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1 April 2013 Community Structure and Ecological and Behavioral Traits of Ants (Hymenoptera: Formicidae) in Massachusetts Open and Forested Habitats
Israel Del Toro, Kevin Towle, Drew N. Morrison, Shannon L. Pelini
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Abstract

We investigated ant species richness, interspecific behavioral interactions, and community composition in adjacent forested and open habitat plots in two forest types of the northeastern United States: 1) the more common hemlock-White Pine forest studied at Harvard Forest Long Term Ecological Research Station in central Massachusetts, and T) the rare Pitch Pine barrens of Myles Standish State Forest in southeastern Massachusetts, which also provide habitat for multiple rare and endangered species. Overall, we found that species richness, behavioral interactions, and ecological traits vary between forested and adjacent open habitat plots. The number of species is five times higher per plot in the hemlock-White Pine open habitat (compared to forest habitat), but this pattern (i.e., higher species richness in open vs. forested plots) is not observed in the Pitch Pine barren site. Non-metric multidimensional scaling analyses suggest that community composition is significantly different between forest and open plots at both sites. However, community composition in open plots at both sites did not significantly differ from each other. We show that behaviorally dominant and submissive species mostly occur in open plots while neutrally interacting species are more restricted to forested plots, suggesting that interspecific competitive dynamics may be contributing to the community assembly patterns observed in open habitats. Our findings suggest that conservation and management for both open and forested habitat at either site is extremely important when attempting to maintain optimal ant biodiversity because each habitat type provides suitable conditions for different suites of ant communities.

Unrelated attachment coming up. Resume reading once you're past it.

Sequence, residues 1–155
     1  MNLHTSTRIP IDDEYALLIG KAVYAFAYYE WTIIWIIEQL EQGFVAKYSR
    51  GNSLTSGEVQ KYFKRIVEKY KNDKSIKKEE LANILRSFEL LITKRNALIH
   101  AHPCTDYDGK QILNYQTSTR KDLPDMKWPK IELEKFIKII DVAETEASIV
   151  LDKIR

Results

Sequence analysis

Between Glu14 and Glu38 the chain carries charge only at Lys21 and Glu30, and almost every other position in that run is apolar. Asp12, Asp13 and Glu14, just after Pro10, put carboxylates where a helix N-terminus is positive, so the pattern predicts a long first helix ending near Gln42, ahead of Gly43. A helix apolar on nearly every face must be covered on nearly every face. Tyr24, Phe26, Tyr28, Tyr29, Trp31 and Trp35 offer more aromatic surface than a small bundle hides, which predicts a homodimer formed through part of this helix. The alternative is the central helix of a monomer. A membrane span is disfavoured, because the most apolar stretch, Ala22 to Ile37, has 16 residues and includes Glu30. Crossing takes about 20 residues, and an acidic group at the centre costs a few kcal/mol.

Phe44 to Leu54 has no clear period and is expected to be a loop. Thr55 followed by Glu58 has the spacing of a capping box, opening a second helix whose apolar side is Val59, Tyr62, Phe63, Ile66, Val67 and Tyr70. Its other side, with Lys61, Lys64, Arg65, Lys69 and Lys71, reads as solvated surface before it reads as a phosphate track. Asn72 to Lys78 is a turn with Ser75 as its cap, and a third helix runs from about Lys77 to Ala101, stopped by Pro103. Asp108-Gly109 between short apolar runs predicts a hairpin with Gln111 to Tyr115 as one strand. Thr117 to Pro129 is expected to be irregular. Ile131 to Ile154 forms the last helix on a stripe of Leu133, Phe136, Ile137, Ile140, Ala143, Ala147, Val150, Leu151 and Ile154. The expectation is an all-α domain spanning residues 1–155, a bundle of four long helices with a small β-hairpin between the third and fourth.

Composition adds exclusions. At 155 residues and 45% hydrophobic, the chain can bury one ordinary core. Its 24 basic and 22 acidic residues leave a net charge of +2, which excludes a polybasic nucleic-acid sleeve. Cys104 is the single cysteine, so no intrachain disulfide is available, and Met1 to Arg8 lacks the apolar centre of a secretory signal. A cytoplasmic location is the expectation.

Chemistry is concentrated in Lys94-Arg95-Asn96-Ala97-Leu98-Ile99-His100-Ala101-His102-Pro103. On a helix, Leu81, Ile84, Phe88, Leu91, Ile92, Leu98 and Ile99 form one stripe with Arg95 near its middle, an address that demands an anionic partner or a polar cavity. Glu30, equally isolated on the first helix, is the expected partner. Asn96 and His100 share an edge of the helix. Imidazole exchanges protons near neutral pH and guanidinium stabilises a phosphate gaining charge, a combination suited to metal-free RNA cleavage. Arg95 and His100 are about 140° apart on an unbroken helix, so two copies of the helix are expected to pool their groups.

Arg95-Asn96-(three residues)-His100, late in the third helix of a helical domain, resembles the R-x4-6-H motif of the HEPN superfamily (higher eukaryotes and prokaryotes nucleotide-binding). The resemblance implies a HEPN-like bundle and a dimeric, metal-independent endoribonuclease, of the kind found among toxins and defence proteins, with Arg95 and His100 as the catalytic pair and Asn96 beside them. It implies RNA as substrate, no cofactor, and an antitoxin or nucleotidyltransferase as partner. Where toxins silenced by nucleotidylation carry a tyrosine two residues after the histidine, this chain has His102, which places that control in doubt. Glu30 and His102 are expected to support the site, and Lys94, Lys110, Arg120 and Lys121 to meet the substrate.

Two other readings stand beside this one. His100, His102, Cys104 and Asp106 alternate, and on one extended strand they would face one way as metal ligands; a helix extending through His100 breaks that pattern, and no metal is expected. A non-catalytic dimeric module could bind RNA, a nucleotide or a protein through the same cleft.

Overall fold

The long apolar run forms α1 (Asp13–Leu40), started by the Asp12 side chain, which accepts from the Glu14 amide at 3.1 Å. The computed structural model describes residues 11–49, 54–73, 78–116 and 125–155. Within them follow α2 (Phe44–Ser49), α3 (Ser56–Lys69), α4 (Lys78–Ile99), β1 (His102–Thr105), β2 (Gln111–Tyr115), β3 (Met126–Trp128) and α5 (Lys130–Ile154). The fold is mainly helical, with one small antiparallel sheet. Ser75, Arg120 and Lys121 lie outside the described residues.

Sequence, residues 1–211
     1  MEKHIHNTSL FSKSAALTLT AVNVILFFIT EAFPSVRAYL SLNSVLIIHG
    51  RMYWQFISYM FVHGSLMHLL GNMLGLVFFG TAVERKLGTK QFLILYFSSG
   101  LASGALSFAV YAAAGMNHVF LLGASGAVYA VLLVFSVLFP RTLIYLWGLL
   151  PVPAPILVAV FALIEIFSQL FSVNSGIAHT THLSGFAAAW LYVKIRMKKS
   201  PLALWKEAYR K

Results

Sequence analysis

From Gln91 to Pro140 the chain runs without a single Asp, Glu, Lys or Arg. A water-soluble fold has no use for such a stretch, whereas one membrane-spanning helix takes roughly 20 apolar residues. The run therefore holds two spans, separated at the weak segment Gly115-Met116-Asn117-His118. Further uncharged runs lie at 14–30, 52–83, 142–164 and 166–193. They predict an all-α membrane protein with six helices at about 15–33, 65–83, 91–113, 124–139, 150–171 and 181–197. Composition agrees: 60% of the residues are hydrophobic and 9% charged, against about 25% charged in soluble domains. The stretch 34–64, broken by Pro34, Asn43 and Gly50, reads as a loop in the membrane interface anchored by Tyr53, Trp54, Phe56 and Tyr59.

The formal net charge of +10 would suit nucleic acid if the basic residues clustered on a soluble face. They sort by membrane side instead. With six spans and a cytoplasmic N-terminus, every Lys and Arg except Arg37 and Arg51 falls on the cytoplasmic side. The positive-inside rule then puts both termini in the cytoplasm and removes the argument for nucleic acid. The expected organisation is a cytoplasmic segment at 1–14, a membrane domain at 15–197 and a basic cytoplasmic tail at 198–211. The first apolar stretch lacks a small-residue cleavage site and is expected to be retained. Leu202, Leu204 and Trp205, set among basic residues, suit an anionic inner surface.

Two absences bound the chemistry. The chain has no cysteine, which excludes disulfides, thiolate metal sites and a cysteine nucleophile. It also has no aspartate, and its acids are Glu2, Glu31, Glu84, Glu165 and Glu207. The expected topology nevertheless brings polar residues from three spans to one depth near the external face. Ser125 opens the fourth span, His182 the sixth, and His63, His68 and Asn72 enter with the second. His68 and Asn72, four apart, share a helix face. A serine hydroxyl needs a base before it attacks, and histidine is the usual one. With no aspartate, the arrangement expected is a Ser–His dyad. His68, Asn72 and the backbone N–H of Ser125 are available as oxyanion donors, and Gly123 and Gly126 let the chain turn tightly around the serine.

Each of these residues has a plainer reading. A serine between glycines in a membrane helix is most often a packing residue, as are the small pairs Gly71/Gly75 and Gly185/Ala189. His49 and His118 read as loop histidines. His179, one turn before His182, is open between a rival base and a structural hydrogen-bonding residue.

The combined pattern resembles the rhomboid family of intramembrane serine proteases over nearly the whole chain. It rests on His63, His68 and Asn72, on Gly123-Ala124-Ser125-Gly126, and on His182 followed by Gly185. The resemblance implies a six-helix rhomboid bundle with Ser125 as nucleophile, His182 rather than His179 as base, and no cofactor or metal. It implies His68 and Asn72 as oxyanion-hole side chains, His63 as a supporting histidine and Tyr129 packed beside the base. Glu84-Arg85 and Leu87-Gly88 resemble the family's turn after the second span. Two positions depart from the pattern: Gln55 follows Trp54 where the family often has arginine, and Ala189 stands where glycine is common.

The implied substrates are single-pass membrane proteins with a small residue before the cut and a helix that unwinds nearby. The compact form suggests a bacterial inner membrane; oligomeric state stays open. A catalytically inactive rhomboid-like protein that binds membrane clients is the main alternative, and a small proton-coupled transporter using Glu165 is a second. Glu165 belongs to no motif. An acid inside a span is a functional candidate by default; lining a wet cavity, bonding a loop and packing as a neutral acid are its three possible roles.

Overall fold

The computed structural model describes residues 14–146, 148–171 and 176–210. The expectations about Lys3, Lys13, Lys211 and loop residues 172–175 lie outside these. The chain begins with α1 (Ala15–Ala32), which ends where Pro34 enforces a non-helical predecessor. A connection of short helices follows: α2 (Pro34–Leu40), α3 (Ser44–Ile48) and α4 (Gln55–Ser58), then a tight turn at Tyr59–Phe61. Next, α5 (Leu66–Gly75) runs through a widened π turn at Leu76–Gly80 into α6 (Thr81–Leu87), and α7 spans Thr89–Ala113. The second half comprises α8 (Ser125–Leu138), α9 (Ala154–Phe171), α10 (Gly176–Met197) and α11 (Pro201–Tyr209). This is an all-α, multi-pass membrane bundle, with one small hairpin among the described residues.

Israel Del Toro, Kevin Towle, Drew N. Morrison, and Shannon L. Pelini "Community Structure and Ecological and Behavioral Traits of Ants (Hymenoptera: Formicidae) in Massachusetts Open and Forested Habitats," Northeastern Naturalist 20(1), 103-114, (1 April 2013). https://doi.org/10.1656/045.020.0108
Published: 1 April 2013
JOURNAL ARTICLE
12 PAGES


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